64-Slice CT for Detecting CAD
Abstract & Commentary
By Michael H. Crawford, MD Dr. Crawford is the Professor of Medicine, Chief of Clinical Cardiology, University of California, San Francisco; and is the Editor of Clinical Cardiology Alert.
Synopsis: In 94%, interpretable images were found. Accuracy was 95% for sensitivity, 96% for specificity, 97% for positive predictive value, and 92% for negative predictive value for lesions with > 50% stenosis.
Source: Fine JJ, et al. Comparison of Accuracy of 64-Slice Cardiovascular Computed Tomography with Coronary Angiography in Patients with Suspected Coronary Artery Disease. Am J Cardiol. 2006;97:173-174.
The new 64-slice cardiovascular computed tomography (CVCT) is theoretically superior to the old 16-slice CT for detecting coronary artery disease (CAD). Thus, Fine and colleagues studied 66 consecutive patients who underwent CVCT and coronary angiography to diagnose obstructive CAD. Both procedures were performed within 30 days of each other. Patients with high heart rates were given beta-blockers to reduce their heart rate to 50-60 beats per minute for CVCT. The results of both studies were read independently by readers blinded to the other test results. A lesion of > 50% stenosis was considered significant. Also, left ventricular ejection fraction (EF) was determined by both techniques. Vessels < 1.5 mm in diameter were excluded from analysis, since CVCT is unreliable at this level of resolution. The angiography was considered the gold standard.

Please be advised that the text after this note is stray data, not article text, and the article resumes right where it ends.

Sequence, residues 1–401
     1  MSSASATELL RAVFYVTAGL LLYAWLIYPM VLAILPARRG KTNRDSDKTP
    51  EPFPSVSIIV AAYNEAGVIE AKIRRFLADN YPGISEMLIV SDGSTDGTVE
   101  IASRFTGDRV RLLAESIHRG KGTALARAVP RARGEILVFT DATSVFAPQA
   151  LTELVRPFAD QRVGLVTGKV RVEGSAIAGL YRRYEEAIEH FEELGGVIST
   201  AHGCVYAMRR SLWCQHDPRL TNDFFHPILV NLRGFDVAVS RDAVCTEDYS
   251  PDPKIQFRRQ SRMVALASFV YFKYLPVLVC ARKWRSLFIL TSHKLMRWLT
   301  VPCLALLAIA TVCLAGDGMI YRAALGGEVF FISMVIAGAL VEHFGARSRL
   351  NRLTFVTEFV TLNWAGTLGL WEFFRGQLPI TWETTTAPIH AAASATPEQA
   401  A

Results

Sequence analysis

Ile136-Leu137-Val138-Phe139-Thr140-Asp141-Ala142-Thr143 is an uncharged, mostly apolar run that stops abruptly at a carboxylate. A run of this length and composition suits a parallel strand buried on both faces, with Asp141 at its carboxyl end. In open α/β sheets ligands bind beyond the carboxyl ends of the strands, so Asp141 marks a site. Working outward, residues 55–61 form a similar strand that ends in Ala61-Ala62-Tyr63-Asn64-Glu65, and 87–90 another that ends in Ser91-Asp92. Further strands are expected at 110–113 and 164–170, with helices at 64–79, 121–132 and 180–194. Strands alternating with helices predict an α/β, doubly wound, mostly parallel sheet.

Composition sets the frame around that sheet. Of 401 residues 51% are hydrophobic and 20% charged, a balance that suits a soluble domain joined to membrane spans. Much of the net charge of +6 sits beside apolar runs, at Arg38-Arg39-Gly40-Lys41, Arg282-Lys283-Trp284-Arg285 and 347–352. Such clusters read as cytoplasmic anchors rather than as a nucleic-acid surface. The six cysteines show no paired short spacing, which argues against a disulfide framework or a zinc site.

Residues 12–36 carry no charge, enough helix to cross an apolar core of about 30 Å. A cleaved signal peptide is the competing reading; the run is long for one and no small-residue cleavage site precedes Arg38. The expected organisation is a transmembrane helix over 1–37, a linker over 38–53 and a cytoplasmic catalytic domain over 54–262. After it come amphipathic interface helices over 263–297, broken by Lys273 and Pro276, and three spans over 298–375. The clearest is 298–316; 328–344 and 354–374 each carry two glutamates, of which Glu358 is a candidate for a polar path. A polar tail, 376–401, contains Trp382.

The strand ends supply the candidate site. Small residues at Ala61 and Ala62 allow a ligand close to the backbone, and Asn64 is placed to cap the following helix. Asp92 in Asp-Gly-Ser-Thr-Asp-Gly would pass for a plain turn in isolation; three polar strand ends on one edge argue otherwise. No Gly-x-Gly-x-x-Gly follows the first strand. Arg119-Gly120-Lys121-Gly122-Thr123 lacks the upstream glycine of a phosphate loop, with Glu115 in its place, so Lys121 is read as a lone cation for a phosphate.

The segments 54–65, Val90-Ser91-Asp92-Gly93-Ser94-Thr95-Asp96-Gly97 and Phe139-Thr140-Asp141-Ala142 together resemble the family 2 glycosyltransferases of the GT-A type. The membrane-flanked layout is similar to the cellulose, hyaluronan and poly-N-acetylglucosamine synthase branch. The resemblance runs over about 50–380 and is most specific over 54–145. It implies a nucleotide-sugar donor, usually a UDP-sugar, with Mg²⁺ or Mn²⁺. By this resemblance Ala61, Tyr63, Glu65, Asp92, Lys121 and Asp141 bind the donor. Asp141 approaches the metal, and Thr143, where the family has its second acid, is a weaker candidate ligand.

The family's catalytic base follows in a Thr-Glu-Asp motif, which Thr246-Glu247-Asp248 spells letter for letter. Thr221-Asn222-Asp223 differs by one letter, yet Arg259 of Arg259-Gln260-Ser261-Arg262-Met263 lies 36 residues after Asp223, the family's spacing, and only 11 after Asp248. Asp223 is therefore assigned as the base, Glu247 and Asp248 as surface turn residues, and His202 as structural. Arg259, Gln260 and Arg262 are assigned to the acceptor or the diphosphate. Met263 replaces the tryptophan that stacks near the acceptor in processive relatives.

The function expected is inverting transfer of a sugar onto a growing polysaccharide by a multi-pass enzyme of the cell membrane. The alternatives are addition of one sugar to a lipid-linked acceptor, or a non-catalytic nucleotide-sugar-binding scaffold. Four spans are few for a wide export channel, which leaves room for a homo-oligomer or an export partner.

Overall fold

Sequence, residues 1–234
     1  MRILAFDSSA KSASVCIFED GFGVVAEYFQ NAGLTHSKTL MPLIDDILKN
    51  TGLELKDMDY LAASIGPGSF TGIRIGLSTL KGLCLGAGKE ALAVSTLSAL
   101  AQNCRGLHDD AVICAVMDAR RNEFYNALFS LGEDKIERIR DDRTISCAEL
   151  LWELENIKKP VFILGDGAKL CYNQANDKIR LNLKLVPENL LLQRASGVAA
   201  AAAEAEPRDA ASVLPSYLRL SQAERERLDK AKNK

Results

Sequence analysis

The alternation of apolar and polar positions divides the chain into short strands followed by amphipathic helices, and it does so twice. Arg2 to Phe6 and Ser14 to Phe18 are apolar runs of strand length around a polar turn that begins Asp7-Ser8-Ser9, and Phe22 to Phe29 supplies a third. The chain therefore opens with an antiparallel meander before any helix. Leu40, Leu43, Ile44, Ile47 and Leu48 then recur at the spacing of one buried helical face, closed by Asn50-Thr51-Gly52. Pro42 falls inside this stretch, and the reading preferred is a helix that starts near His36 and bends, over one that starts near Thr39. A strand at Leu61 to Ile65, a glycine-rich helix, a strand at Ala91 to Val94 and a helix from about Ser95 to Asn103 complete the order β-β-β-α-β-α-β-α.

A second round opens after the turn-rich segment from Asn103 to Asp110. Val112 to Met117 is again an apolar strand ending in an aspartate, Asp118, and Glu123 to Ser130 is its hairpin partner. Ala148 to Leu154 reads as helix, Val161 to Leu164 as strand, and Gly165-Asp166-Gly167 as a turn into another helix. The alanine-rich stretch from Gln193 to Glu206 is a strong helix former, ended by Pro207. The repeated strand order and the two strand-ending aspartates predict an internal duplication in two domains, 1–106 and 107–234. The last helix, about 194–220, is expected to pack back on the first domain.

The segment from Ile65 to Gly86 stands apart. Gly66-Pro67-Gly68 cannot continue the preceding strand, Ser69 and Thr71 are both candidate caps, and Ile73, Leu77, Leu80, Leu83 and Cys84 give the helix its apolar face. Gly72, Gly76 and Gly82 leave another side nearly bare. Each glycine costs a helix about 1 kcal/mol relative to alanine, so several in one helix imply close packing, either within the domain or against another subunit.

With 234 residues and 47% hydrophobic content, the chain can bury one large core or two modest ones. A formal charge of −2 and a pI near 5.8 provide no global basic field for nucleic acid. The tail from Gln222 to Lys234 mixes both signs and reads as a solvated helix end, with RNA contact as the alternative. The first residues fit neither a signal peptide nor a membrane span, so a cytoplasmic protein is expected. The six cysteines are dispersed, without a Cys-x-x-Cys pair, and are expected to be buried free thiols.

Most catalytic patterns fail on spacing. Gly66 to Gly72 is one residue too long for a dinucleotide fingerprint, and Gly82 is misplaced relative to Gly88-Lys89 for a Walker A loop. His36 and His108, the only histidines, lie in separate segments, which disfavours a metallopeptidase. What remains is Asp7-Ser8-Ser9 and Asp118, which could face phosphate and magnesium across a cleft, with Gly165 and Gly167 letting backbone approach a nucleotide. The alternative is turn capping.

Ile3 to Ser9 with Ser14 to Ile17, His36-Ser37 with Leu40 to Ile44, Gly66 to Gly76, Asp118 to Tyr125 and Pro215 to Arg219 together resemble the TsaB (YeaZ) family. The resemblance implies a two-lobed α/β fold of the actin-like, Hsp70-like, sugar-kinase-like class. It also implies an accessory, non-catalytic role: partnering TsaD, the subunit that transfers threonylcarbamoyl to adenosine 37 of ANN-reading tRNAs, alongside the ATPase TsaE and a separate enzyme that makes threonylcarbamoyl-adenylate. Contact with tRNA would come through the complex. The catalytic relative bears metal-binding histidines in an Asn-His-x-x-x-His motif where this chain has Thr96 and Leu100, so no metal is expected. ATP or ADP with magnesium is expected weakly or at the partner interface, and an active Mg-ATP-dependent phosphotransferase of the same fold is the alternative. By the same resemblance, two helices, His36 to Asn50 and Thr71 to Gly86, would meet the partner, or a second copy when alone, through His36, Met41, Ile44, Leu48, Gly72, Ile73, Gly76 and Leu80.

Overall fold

Results: Two hundred forty-five coronary arteries were evaluated in the 66 patients. CVCT was of diagnostic quality in 62 of the 66 (94%). In comparison to angiography, the sensitivity of CVCT was 95%, specificity 96%, positive predictive value 97%, and negative 92%. Vessel-by-vessel accuracy was 98% for the left main, 93% for the left anterior descending, 92% for the circumflex, and 92% for the right. Mean EF was identical for both techniques (59%). Fine et al concluded that CVCT is a reliable diagnostic test for suspected obstructive CAD.
Clearly, the new 64-slice CVCT is superior to the older 16-slice technique for detecting significant CAD based upon previous studies; 16-slice CT was not done in this study. The issue is whether it is good enough to forgo angiography, unless catheter-based therapy is indicated. This means how good is it at identifying normal vessels and mild disease, which hangs on the negative predictive value. Unfortunately, this has not changed with CVCT vs 16-slice CT; it is still about 92%. Is this good enough to send a chest pain patient home from the emergency department? I spoke to our seasoned, internal medicine oriented (as compared to surgical) ED doctors, and they said they were uncomfortable with this degree of accuracy until a clinically oriented trial is done. Such a trial would evaluate outcomes after CVCT to see what the myocardial infarction/death rate is with a normal or mild disease CVCT. On the other hand, a positive study for significant CAD may speed up getting the patient revascularized without the delays built into stress testing. Also, the positive predictive value is much higher at 97%, so referral to angiography is an acceptable approach.
There are a few caveats to CVCT. First, in about 5% it is of too poor a quality to interpret. Second, it requires a heart rate < 60 beats/min for the accuracy reported in this study. Patients who are hypotensive and tachycardic would not be good candidates. Third, the radiation exposure is considerable and higher than the average coronary angiogram. So is CVCT ready for prime time? Maybe not, but it is being installed or used all over the United States as you read this. It would be ideal if outcome study data were forthcoming soon.